• e jerry powell

    And then there are all the times that Dido and Aeneas became Dildo and Anus...

  • kirbyjay

    ....after I got over my tenth grade embarrassment, of course

  • Zeke always loves Pajiba Storytellers. Plunder history's trove! More, more, more!

  • Uriah_Creep

    The Creep wholeheartedly agrees with the pig.

  • manting

    there is a similar more modern parallel that would make a great film. Task Force Baum. It was a mission to rescue prisoners of war in WWII (one of whom was Patton's son-in-law) behind enemy lines in march of 45'. The task force traveled over fifty miles behind enemy lines to liberate the camp. They could only take 200 of the thousands of prisoners and at this point the German forces thought the task force was a large attack and they mobilized overwhelming forces to deal with the American Incursion. Of the 300 some odd troops of the task force only 30 made it back to Allied lines and all of the 60 or so vehicles were lost. It could make a great film. The mission was a failure but the raid actually had some tactical impact that distracted the Germans from the allies northern maneuver. Patton held the raid as his greatest blunder of the war (besides not the whole getting run over by a jeep thing) Okay maybe the stories arent that similar but it would make a sick WWII movie.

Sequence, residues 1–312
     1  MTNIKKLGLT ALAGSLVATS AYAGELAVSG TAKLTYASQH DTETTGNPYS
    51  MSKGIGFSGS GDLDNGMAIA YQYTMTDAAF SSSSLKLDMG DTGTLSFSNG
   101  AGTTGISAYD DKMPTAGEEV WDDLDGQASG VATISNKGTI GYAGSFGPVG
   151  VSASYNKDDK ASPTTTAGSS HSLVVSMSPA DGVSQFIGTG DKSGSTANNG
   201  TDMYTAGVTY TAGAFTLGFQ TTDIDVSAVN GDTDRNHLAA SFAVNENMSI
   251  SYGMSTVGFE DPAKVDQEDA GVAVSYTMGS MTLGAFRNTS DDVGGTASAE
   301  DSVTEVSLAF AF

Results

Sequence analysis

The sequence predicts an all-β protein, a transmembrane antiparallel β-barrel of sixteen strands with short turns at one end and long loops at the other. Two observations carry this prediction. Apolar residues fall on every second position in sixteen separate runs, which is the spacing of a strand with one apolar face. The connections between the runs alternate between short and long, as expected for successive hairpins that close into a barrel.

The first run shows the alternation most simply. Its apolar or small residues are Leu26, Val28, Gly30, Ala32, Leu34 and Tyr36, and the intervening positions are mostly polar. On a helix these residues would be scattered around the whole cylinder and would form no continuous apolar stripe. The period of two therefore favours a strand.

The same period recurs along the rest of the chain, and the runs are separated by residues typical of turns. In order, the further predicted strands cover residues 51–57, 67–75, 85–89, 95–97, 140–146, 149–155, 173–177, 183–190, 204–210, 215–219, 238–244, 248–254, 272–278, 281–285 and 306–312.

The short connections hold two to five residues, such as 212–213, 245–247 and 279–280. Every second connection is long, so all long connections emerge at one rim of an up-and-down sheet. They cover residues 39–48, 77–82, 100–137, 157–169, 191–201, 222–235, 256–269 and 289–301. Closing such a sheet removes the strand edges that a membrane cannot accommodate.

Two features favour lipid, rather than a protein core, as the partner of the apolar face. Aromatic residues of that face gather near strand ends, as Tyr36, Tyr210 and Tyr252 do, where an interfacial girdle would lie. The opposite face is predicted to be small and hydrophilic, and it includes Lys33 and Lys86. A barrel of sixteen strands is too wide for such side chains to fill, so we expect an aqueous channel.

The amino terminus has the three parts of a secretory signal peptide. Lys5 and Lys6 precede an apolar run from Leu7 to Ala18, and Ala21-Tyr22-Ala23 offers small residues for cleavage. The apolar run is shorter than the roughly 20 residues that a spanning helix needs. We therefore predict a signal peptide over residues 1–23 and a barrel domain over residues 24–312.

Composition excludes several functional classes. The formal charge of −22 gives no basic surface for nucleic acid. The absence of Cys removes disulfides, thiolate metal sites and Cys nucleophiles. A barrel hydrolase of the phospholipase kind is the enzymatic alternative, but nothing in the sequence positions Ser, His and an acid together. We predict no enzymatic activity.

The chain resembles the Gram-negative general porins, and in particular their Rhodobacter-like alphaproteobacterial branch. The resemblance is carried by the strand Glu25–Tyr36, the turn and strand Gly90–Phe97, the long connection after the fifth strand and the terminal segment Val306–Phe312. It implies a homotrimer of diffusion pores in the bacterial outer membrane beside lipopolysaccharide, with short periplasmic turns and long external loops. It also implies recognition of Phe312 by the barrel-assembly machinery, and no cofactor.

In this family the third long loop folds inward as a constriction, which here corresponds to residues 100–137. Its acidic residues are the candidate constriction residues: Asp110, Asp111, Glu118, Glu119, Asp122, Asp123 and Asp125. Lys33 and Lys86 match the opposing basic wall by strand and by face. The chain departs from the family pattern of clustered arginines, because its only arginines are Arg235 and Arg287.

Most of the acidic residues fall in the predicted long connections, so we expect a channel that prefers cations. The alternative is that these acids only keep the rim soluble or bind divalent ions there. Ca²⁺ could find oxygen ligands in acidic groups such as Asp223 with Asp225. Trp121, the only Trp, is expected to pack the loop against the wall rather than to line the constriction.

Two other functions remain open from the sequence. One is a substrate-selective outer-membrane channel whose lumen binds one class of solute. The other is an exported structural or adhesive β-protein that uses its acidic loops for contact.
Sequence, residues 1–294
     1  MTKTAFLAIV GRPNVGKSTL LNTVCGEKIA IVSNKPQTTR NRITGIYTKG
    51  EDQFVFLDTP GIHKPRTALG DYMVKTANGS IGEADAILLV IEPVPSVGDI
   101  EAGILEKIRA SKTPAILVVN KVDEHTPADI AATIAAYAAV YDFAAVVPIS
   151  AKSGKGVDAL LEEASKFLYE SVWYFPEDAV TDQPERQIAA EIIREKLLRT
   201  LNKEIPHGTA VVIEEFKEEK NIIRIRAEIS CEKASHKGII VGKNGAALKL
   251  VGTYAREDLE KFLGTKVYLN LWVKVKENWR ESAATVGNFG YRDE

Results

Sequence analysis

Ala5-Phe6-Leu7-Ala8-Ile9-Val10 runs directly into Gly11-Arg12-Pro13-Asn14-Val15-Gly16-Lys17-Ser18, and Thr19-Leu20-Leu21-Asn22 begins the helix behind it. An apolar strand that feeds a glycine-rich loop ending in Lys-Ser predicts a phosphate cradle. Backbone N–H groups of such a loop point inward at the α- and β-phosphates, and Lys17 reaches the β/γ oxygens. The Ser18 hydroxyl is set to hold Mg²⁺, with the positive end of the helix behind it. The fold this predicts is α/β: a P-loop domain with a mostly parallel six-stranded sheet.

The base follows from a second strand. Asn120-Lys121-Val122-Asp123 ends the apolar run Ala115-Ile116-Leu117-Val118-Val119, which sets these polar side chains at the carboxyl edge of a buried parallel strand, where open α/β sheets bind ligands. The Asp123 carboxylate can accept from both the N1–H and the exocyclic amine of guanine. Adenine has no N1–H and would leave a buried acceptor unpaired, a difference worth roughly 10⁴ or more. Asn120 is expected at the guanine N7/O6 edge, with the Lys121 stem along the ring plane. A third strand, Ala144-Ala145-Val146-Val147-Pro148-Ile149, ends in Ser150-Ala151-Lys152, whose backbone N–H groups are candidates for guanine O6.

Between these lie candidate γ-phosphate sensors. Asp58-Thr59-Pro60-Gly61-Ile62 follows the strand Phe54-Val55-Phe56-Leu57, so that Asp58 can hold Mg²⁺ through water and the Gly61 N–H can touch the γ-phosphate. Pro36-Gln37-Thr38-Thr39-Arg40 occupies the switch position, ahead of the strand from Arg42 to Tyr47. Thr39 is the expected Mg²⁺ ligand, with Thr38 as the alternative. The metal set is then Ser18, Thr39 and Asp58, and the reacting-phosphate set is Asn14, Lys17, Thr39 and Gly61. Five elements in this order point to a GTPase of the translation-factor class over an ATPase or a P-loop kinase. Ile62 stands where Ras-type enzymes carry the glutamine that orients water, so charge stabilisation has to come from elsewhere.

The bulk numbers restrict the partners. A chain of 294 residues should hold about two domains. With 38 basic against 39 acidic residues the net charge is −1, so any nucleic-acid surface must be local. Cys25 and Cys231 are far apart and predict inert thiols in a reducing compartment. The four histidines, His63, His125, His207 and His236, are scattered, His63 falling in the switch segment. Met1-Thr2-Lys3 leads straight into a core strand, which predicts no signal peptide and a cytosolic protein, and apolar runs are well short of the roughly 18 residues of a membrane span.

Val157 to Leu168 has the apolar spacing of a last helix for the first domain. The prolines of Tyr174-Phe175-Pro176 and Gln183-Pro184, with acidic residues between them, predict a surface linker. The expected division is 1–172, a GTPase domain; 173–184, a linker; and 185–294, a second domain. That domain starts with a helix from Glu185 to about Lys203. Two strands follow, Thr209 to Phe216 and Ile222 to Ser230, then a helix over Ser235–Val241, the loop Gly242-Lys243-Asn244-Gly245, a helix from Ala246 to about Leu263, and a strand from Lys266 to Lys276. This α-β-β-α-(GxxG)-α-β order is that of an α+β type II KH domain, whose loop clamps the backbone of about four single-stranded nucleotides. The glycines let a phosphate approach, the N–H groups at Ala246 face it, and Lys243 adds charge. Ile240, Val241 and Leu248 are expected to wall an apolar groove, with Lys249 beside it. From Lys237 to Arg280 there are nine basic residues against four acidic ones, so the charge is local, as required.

• briteangl

    Best thing I've read on Pajiba in weeks!

  • That would RULE

  • Great story idea. It would make for an interesting clash of cultures' movie. What Chinese dynasty/kingdom was in charge at that time?